On those rare occasions that I tell my friends that I have a pro-life stance on abortion, their reaction is typically surprise followed by a quick objection along the lines of “Well, if it’s her body...” and then they seem to think it’s hardly worth their time to say anything else.
As readers of this blog may well know, what my friends are thinking of is commonly called the bodily autonomy argument. Briefly, it states that any person has a right to decide on what does or does not happen to his or her physical person. If a woman wishes to have the shape of her nose changed, for instance, that is up to her, even if others might have moral objections. Likewise, the argument goes, if a woman has an embryo or fetus inside of her, she has the right to have it removed.
It’s a powerful argument and for many, the end of the conversation.
Conversely, the ubiquity of the bodily autonomy argument has meant that pro-life advocates have worked hard to refute it, and have done so elsewhere. When they have, those counter-arguments have usually been framed in terms of the moral obligation of a mother to care for a child, or as a refutation of the so-called violinist argument.
These counter-claims are entirely worthy, but there is another way to refute the bodily autonomy argument—a rebuttal related to basic medical ethics—and that is the counter-argument I would like to advance here.
My case begins with the idea that, the right to bodily autonomy must surely mean, primarily, the right not to have one’s body harmed or invaded. One cannot be compelled to have sex against one’s will, or to be stabbed or even tattooed without one's consent. But there is no reason to think that bodily autonomy includes the right to have anything done to one’s body, without recourse to ethical considerations. And if an abortion is to be understood as a medical procedure, as pro-choice advocates insist that it must be, then it, like other medical procedures, must be subject to ethical scrutiny.
And, in fact, medical practitioners do sometimes refuse to perform procedures that they believe are unethical. Those with body dysmorphia or body identity integrity disorder sometimes seek to have a healthy limb removed. When a Scottish surgeon agreed to do so, that practitioner was denounced by colleagues.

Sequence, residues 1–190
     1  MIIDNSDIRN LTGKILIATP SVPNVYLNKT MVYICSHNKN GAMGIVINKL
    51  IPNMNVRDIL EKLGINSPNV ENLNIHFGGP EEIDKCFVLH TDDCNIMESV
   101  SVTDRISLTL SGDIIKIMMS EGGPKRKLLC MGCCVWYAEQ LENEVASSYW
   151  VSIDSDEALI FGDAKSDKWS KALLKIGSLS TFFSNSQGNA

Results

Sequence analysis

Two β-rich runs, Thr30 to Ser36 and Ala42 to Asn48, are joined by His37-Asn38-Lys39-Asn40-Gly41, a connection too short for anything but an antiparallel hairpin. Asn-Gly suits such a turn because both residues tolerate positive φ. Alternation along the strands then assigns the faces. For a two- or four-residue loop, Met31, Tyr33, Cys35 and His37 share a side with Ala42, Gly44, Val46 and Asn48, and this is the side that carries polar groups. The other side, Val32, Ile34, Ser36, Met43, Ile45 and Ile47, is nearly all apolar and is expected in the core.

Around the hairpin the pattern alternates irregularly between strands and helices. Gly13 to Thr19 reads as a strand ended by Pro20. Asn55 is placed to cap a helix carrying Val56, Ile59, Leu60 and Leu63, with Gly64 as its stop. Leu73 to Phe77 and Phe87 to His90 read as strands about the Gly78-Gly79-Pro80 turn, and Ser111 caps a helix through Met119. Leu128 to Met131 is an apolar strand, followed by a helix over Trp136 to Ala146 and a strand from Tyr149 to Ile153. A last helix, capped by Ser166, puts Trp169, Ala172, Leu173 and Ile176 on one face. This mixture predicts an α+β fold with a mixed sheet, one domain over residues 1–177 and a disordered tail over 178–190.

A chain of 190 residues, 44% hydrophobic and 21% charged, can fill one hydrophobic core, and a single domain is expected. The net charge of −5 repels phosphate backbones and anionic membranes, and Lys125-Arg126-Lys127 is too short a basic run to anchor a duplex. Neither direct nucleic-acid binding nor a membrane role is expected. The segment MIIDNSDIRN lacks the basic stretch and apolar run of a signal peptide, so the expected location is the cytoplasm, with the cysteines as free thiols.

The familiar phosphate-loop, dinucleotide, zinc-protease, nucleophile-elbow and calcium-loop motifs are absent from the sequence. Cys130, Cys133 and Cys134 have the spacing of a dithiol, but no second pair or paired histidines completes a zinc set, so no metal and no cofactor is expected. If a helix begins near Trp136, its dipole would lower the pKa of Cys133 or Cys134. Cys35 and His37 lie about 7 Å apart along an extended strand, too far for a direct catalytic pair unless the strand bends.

Conversely, transhumanists even now are seeking surgeons to implant technological gadgets into their bodies to turn them into the first real supermen—without much luck so far. And even if such procedures did become commonplace it would only be after debating the ethics of the procedures in questions. The fact that the patients have the right to bodily autonomy doesn't remove the practitioners' obligations not to harm human beings.
A particularly affecting instance of a refusal to undertake a procedure due to ethical concerns made headlines in my part of the world not long ago. In January, New Brunswick toddler Zaccari Buell was in need of a kidney transplant. His mother, Ashley Barnaby, offered to donate her kidney, but her surgeons would not perform the operation on the grounds that Barnaby had health problems of her own; it would be unethical, her doctors said, to remove the mother’s organ. She is, according to reports, at risk for developing diabetes, which means she can't risk being down one kidney.
If pro-choice advocates were right, there should have been no reason to deny Barnaby her wishes. It's her body, after all. But she was refused and with good reason. It would be wrong for surgeons to perform a procedure that did harm to a human being even if they were asked to do so. And if a fetus is a human being, then the same ethical concerns must be at play.
Of course, others do argue that a fetus is not a human being in a moral sense. But that is the discussion we need to have. And simply saying "it's her body" is nothing more than a distraction.